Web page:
10. Call or video chat. Connect with a friend or family member you haven’t spoken to in a while. It could really make someone’s day that you thought of them and wanted to catch up.

11. Check out free events in your area. This one requires some advance planning, but often libraries, your town/city, county, or local faith centers will host free community events. Check out these organizations on social media and their websites to see what might be coming up on their calendar.

12. Host a casual potluck. A potluck can be a great way to get a group together for a meal without needing to spend anything. Be sure to communicate that this is not a fancy affair, and everyone can keep their contribution low-key with ingredients they already have on hand. You can host at your home or go to a park and make it picnic style. If you need to make a trip to the store for some ingredients, you can still choose something simple and budget friendly.

Stay Productive Instead of Spending

Another great way to keep your mind off the urge to spend is to make use of your time in a productive way. You may want to pair one of these options with an activity from the entertainment section to give yourself something to look forward to.

Image of hands frosting a two layer cake on a stand with bowls of ingredients around, with an icon of a calculator overlaid representing staying productive instead of spending money

13. Exercise. Move your body. Go for a walk or run, use a fitness facility you have access to, use at-home exercise equipment, or follow along with an equipment-free fitness video online. There are tons of free workout videos on YouTube, or if you already have a subscription to a workout app, make use of that.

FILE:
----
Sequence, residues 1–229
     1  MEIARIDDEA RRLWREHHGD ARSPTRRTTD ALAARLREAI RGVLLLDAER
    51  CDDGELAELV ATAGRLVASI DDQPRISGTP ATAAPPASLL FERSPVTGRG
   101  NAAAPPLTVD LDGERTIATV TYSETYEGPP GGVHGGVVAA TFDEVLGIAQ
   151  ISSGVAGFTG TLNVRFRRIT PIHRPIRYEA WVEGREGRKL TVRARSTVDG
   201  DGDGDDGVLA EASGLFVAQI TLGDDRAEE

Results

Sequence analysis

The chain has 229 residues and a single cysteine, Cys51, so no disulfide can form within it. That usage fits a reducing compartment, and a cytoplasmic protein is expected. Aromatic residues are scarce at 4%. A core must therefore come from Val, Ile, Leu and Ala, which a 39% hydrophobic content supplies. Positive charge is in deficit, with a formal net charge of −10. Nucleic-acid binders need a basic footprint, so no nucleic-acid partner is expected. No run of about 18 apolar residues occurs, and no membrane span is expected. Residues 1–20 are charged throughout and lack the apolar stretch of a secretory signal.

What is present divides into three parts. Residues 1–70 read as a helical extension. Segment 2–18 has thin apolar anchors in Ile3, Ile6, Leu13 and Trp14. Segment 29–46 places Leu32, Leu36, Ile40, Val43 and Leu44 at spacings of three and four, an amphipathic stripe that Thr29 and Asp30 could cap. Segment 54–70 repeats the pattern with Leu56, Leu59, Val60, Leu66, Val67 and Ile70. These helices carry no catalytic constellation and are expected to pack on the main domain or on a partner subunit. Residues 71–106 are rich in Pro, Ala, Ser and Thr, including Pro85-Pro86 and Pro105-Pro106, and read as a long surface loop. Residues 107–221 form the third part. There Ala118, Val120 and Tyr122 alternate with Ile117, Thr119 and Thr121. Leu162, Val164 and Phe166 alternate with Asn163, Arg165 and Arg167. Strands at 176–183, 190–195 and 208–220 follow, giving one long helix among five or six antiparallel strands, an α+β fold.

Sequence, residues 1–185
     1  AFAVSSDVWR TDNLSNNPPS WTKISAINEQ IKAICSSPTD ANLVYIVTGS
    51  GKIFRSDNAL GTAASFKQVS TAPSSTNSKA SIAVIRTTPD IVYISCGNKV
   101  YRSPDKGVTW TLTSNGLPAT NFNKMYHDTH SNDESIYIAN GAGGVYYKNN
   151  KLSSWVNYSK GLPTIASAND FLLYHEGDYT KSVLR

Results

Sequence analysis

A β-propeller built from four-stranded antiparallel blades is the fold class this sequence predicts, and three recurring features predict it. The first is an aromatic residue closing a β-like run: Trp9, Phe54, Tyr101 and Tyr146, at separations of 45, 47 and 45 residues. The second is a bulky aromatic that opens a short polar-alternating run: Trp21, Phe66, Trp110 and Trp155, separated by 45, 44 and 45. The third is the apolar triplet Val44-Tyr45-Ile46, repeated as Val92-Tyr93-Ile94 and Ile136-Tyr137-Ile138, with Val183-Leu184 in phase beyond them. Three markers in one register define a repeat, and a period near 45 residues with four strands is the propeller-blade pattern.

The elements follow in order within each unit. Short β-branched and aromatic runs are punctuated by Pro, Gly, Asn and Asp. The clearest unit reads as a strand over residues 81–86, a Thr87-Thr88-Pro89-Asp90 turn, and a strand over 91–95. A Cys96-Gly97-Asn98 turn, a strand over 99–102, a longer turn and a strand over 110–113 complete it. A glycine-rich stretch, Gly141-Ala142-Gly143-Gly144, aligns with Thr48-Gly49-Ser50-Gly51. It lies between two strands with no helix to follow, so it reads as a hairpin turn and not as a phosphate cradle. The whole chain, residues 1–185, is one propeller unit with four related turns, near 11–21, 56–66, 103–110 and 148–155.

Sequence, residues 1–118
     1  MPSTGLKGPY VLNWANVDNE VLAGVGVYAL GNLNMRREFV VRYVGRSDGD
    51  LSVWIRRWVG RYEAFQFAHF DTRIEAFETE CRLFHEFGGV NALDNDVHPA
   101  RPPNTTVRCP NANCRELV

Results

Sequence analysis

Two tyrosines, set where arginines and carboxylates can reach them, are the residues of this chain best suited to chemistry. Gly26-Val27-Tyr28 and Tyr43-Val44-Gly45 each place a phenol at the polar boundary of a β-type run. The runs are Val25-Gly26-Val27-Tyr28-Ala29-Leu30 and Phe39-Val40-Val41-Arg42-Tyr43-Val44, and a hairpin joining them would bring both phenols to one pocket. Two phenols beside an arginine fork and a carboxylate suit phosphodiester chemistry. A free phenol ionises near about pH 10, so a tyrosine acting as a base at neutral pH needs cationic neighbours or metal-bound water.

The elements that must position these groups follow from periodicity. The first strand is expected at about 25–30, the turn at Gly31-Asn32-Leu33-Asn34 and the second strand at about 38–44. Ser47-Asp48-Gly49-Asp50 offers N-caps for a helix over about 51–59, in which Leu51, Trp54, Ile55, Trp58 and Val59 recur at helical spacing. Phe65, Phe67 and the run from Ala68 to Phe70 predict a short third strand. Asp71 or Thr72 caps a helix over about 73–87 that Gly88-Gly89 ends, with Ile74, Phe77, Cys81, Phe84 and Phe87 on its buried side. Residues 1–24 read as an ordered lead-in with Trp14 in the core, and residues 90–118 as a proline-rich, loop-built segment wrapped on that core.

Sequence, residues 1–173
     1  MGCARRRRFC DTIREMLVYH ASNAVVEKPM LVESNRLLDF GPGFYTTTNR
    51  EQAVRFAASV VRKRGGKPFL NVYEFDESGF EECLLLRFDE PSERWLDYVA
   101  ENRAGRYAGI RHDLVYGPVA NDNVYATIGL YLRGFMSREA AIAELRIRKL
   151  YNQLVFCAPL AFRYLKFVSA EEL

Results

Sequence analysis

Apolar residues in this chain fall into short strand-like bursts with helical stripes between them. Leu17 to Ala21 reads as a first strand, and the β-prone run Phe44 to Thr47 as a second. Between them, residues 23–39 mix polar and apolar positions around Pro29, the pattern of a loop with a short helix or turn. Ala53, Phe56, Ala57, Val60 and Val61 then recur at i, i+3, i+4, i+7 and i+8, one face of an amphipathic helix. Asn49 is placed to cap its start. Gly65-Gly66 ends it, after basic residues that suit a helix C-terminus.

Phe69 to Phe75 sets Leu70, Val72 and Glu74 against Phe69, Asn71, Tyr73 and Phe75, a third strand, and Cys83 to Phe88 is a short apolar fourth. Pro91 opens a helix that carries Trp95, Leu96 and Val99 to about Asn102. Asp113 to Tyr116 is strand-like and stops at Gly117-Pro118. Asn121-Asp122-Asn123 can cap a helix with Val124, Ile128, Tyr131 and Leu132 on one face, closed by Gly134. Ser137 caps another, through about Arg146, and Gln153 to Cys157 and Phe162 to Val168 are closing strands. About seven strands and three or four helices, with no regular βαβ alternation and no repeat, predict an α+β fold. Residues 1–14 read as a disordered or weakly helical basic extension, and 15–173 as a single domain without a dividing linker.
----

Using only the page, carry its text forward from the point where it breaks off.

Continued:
14. Learning something new. Dig into a new subject, hobby, or learn a language. You could learn more about a niche topic or build skills in new software to advance your career.

15. Make a more elaborate meal or dessert. Cook or bake a new recipe or use a more involved cooking technique to prepare something more elevated than you might normally make. Not sure what to make? Check out Supercook, a helpful website that allows you to enter in all the ingredients you have on hand and suggests recipes with those ingredients. You could meal prep for the week ahead for an extra productivity boost. When you’re cooking or baking for fun, it’s a great excuse to pull out some kitchen equipment that doesn’t get as much use.

16. Journal. Free write or follow guided journal prompts. You can find some great journal prompts on Pinterest for whatever has been on your mind. You could also reflect on how your family has impacted your relationship with money.

17. Organize or declutter. Take the time to declutter and/or organize a space in your home that needs some attention. It’s okay to get rid of things that aren’t serving you. You may be able to repurpose or upcycle those items into something new or donate to someone else in your community.

18. Deep clean. Whether it’s the baseboards, floors, upholstery, or something else, it seems like there’s always something around the home that could use a deep clean. (Hint: pair this with some music, podcast, or audiobook to make the task more enjoyable.)

19. Tackle a home project. Look around for a feasible home maintenance or improvement DIY project you could accomplish. Something may need a repair or a refresh, and you can save yourself additional money in the long run by dedicating time to upkeep.

20. Garden. For no-cost gardening, start by clearing or pruning your garden, propagating existing plants you have, or starting seeds from produce in your home. You can also learn about your USDA zone and native plants for your area. When you’re ready to spend on any supplies you don’t already have on hand, consider plants that support pollinators. If you have an area on your property that floods, look into building a rain garden to mitigate flooding.

21. DIY beauty care. Whatever grooming you like to do, take time to do that now. Use what you have on hand for things like skincare, haircare, or a DIY mani or pedi. You may have unearthed some unfinished or even unopened beauty products while organizing and decluttering.